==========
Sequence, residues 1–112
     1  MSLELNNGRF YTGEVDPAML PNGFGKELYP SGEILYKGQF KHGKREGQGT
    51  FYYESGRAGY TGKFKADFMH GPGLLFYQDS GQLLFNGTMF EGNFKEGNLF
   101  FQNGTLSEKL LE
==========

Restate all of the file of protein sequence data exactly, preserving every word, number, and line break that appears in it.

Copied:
Sequence, residues 1–112
     1  MSLELNNGRF YTGEVDPAML PNGFGKELYP SGEILYKGQF KHGKREGQGT
    51  FYYESGRAGY TGKFKADFMH GPGLLFYQDS GQLLFNGTMF EGNFKEGNLF
   101  FQNGTLSEKL LE